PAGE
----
Pre-Bikepacking Rig Checklist
In this guide, we cover a pre-bikepacking rig checklist and a maintenance agenda to help you prepare your trusty steed for a successful backcountry mission. Find the video guide as well as a 16-step checklist here…
Pre-trip maintenance and inspection are a crucial part of the preparation process for a bikepacking outing. This is particularly important for long trips, solo outings, and trips that are remote and challenging. In this post, we document two different approaches. Neil inspects the Kona Sutra ULTD before gearing up for a bikepacking trip in the video below. Learn about his detailed A-Z pre-ride inspection of the bike’s frame, components, and points of failure. Plus, find out why these steps can help prevent you from getting stranded in the backcountry. Further down you’ll find a checklist I put together for a solo outing.
A Soloist’s Checklist
When this post was originally published, I had just finished preparing for a weeklong solo bikepacking pilgramage somewhere deep in the Appalachian Mountains. I’ll admit that I’m as guilty as the next person for slacking off on bike care prior to casual overnighters or weekend trips with friends, but pre-maintenance and organizing a proper bikepacking repair kit are subjects I don’t take lightly when prepping for a solo bikepack. Solo trips into the backcountry should require even more attention and precaution. Here are 15 steps to prevent common component failures:
1. Clean your bike.
It seems rather pointless to deep clean your bike just before it gets dirty, but there are three reasons why you should do so: 1. Your bike will perform better (at least for the first couple days). 2. It gives you a chance to have some intimate, one-on-one time with your bike and inspect all of the bits and parts which shed some light on wear and tear you may not have noticed. Close inspection can be a life-saver if there are any issues that were’t immediately evident, such as a frayed cable or tire damage. 3. You can’t really properly tune a bike when it’s packed with dirt and buildup.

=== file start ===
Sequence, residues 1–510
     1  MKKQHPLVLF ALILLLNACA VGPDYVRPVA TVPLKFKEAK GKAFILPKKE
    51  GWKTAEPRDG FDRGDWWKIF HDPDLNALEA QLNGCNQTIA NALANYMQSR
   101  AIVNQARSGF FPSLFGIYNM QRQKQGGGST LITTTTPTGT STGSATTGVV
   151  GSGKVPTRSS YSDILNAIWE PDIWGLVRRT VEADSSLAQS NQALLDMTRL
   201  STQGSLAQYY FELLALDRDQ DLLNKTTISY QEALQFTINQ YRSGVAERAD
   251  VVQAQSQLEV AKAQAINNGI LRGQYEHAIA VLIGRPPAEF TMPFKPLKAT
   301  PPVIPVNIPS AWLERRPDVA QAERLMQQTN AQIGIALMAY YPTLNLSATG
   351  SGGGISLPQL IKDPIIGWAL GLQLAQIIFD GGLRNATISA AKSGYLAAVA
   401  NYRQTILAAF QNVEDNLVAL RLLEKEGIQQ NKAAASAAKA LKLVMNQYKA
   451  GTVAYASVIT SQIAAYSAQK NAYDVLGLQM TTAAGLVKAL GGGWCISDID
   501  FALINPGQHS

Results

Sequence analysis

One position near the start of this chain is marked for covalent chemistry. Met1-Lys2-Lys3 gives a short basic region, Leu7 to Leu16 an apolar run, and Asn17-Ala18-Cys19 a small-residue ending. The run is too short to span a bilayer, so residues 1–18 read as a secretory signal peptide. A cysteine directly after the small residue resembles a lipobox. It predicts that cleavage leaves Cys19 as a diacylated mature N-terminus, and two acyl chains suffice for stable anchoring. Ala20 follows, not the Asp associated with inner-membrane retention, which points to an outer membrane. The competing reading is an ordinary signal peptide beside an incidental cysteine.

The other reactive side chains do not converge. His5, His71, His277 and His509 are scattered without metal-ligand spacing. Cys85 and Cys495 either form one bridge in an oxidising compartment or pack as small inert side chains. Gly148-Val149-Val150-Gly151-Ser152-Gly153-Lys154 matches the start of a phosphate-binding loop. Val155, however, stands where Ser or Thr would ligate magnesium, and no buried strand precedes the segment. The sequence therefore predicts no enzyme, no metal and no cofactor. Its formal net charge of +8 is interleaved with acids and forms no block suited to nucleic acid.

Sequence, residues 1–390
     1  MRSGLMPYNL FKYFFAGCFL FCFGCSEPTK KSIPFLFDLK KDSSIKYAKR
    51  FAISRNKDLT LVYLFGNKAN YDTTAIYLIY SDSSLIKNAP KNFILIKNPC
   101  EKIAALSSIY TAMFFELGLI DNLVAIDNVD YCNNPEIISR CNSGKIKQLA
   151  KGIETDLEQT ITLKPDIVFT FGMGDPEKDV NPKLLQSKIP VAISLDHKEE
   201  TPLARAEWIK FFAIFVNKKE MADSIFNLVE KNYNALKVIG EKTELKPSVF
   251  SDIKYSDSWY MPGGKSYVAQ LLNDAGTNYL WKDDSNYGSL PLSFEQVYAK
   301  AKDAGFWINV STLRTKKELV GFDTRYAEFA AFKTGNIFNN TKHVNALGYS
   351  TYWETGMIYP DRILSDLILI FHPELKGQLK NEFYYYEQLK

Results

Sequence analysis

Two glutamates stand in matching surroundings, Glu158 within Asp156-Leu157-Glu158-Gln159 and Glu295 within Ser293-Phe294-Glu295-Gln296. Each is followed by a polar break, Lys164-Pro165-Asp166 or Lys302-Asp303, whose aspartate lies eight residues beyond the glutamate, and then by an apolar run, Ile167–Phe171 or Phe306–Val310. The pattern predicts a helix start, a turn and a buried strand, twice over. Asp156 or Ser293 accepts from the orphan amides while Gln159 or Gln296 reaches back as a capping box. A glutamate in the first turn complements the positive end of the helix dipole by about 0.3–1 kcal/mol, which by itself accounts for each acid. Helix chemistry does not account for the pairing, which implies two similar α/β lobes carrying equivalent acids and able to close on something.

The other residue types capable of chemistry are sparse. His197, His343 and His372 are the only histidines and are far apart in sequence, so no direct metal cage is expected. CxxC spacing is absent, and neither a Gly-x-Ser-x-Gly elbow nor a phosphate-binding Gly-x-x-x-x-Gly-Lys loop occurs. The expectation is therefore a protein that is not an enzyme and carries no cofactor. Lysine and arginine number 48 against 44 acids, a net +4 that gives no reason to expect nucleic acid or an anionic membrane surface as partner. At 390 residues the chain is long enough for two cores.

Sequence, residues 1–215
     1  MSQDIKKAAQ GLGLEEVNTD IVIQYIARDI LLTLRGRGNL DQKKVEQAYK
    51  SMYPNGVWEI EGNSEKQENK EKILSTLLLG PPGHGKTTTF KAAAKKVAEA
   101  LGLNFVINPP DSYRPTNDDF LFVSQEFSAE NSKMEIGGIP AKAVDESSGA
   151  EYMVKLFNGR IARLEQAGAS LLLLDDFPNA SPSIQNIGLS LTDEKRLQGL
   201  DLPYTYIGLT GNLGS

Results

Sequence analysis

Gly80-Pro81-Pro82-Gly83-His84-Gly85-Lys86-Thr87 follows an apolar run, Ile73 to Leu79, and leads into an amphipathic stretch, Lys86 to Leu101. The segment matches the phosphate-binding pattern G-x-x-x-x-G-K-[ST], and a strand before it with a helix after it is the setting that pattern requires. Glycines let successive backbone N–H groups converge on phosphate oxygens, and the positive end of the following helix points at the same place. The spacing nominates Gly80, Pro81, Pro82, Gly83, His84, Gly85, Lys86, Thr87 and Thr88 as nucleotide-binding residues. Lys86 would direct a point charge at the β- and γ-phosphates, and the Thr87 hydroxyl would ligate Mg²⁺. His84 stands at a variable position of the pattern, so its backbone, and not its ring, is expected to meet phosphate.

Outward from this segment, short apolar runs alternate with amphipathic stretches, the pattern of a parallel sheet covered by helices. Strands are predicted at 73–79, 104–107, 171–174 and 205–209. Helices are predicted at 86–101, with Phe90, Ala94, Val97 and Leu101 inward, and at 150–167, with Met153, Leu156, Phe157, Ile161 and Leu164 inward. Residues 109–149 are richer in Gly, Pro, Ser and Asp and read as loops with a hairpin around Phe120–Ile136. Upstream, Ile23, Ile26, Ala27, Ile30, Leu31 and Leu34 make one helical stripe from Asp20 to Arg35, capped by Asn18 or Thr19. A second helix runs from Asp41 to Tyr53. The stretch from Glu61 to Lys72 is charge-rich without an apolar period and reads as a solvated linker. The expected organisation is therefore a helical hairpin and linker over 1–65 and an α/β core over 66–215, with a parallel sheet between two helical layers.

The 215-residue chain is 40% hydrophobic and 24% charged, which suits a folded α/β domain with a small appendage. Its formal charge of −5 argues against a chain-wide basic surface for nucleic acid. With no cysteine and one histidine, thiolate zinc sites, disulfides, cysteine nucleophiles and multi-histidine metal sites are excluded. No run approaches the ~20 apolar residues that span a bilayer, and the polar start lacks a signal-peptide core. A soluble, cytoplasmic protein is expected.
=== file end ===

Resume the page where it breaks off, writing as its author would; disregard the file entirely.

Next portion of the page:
Put your bike on a stand to do the cleaning. This gives you an eye-level view of the drivetrain and important parts. Typical dishwashing liquid works pretty well for breaking down grease, and a regular garden hose works well when paired with a few brushes to scrub the hard to reach places.
2. Check your chain.
A proper cleaning and lube does wonders for a drivetrain. You can use a real chain cleaning tool, such as the Park Tool Cyclone, with degreaser, such as Pedro’s Oranj Peelz Citrus Degreaser, or hand clean it with a bottle brush or toothbrush and dishwashing liquid. Once the chain is clean and dry, apply a fresh coat of lube. I personally like ProGold ProLink and Rock-N-Roll Gold.
In this video guide, Neil dives deep into the world of bicycle chains and discusses bike chain repair, chain wear, and simple tips and techniques to get you out of a bad situation, or to avoid that bad situation in the first place. Watch the video below and be sure to hit the subscribe button so we can keep making videos like this one…
3. Inspect the tires.
Look over the tires—especially the sidewall area—for cracks or abrasions. This can be the first sign of a sidewall tear, or a potential failure point. Dry rot might be a little more applicable if you have a stable of bikes and the one you’re taking out hasn’t seen much action in a while. One thing to note: if you store your bike on a concrete garage floor, slip cardboard underneath the tires to prevent dry rot in the casings.
4. Check your spare tubes and sealant.
I am 100% tubeless on all bikepacking trips, but I always carry one spare inner tube. On most bikepacking trips, I either lash my spare tube to the frame of the bike with electrical tape or put it at the bottom of my frame bag. If you are going alone and your spare tubes have been rattling around in your pack for a while, inflate them to double-check their integrity. Also, ideally store them in an old plastic bag (like a bread bag) to prevent abrasion.